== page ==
This article is over 8 years old


Texas Legislature Considers Bills Limiting Power Of Cities To Enact Laws

The “Home Rule” provision in the state’s constitution allows municipal ordinances that don’t conflict with state or federal law. But lawmakers in Austin have the power to trump them.


To embed this piece of audio in your site, please use this code:

<iframe src="" style="height: 115px; width: 100%;"></iframe>

State lawmakers this session will consider bills to limit the power of cities to enact certain laws.

Those local ordinances include bans on hydraulic fracturing, using plastic bags at stores, and LGBT non-discrimination ordinances. The effort to rein in local ordinances is a reaction to what Governor Greg Abbott has called the “California-zation” of Texas.

That sentiment is echoed by Republican State Representative Matt Shaheen of Plano. He co-authored a House bill this session that would prohibit cities from adopting non-discrimination protections not already covered by state law. In Shaheen’s view, cities exist to provide basic services – like infrastructure – and nothing else.

“The state of Texas didn’t put cities in place to start playing around with these social-type agendas,” said Shaheen, a recent guest on Houston Matters. “So if you want to see where a ‘nanny state’ is happening, it’s more at the local level with these types of ordinances.”

150226-greg-abbott-photo-credit-Richard-Carson.pngTexas Governor Greg Abbott.

But cities with a population of 5,000 or more – and a charter – are known, under the Texas constitution, as “Home Rule” cities.

“They have full power to enact any ordinance that they feel is in their best local interest,” said Charles “Rocky” Rhodes, a professor of constitutional law at South Texas College of Law.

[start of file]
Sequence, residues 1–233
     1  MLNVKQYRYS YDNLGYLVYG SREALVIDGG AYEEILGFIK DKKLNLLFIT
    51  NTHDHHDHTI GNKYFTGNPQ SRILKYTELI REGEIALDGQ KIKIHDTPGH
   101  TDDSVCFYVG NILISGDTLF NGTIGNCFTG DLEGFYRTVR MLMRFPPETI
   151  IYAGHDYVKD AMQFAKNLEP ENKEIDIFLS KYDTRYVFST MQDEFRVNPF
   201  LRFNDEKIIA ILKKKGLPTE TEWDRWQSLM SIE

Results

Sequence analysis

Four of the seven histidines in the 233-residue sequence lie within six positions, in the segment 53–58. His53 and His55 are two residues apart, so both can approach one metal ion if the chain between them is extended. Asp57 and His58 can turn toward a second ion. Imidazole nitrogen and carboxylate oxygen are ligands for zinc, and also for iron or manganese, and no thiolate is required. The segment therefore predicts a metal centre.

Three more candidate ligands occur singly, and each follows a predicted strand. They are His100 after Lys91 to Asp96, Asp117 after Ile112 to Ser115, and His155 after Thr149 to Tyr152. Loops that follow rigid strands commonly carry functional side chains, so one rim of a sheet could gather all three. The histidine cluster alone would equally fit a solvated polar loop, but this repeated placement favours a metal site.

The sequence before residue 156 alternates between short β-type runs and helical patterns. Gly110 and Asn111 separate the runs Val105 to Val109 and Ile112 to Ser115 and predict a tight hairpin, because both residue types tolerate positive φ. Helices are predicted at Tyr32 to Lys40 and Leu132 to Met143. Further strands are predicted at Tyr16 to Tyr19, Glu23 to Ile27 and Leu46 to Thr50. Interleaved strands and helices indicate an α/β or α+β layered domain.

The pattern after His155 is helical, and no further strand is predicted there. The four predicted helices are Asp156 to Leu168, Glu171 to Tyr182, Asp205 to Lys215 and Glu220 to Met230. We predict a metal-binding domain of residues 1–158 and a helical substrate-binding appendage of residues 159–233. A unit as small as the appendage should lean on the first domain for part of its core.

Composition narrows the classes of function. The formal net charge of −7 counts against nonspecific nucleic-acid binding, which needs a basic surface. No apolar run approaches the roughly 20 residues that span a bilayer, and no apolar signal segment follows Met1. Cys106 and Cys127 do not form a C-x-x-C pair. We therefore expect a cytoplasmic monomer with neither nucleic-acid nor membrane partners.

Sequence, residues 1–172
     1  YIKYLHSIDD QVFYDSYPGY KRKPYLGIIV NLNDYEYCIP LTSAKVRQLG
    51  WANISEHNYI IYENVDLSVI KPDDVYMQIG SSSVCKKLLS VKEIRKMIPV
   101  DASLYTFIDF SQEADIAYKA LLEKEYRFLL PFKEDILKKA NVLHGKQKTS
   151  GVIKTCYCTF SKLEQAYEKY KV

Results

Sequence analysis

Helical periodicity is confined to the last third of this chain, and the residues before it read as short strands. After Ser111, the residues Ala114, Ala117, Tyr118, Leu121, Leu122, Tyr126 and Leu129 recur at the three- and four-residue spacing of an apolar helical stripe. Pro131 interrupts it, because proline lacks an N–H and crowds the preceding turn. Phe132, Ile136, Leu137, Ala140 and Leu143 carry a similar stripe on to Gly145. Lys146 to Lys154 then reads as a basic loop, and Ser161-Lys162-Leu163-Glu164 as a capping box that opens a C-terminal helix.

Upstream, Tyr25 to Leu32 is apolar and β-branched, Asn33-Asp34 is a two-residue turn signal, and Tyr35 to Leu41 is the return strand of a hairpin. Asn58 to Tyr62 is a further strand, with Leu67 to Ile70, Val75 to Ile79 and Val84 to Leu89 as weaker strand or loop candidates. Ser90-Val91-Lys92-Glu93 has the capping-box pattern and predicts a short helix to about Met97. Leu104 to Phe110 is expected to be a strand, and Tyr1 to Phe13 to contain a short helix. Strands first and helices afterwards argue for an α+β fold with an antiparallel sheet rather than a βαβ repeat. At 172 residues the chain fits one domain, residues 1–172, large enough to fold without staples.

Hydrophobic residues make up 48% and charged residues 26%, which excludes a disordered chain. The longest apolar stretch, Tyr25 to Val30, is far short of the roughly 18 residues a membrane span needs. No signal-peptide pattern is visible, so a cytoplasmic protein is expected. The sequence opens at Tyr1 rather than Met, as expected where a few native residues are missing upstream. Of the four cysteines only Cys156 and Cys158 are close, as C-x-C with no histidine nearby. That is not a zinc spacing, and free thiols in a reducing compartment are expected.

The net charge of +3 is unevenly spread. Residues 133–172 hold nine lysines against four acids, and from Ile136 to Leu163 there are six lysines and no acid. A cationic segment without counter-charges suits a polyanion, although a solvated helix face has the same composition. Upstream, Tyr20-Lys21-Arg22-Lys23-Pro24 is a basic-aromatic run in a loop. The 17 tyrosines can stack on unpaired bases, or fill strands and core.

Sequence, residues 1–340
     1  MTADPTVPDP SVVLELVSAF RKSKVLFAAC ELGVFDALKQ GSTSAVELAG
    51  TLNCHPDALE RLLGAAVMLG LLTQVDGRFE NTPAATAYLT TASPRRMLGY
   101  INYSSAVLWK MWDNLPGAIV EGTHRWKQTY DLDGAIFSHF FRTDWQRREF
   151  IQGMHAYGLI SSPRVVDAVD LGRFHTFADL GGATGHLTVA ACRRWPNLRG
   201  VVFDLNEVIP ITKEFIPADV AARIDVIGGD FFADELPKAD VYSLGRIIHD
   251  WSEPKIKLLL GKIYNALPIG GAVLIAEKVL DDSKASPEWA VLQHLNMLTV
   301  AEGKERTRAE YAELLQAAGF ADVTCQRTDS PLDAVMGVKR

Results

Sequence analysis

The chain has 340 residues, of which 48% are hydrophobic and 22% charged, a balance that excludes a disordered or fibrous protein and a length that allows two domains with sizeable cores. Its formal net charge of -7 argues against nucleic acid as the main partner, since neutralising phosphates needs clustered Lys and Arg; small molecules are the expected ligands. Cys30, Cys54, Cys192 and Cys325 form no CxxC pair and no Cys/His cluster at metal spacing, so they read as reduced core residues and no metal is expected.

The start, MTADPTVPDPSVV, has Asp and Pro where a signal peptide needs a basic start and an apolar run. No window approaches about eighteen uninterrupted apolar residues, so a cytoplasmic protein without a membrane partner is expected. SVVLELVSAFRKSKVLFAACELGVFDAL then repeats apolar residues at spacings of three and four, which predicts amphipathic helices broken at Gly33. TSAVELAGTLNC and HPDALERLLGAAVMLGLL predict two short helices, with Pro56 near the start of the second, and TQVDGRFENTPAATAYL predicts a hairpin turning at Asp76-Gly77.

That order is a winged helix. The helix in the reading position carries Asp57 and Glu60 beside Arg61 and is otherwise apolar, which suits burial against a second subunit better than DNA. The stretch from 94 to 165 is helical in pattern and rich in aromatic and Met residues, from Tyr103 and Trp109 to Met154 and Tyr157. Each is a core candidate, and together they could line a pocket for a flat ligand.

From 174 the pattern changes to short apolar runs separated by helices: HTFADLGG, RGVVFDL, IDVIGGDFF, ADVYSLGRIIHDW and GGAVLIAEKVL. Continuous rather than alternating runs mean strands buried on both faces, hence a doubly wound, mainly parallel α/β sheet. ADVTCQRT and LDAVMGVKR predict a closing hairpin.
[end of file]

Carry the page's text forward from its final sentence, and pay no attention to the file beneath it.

The “Home Rule” provision allows city laws that don’t conflict with state or federal law. But lawmakers in Austin do have the power to trump city ordinances – sometimes.

“If the state legislature wants to adopt a general law, with respect to ‘plastic bags are authorized to be used everywhere in the state’ or ‘fracking is authorized to be used everywhere in the state,’ you can debate the policy of that,” Rhodes said. “But there’s no question that the Texas Legislature has the authority to do that.”

However, that probably wouldn’t work with gay and lesbian rights.

“An effort by the state legislature to similarly ban local ordinances protecting LGBT might be viewed under federal law, under the federal constitution, as an invalid form of discrimination based on sexual orientation,” the professor said.

In 1996, the U.S. Supreme Court ruled the state of Colorado could not block cities such as Denver, Boulder, and Aspen from enacting their own laws to protect gays from discrimination. Professor Rhodes says that precedent would likely keep Texas from doing the same thing.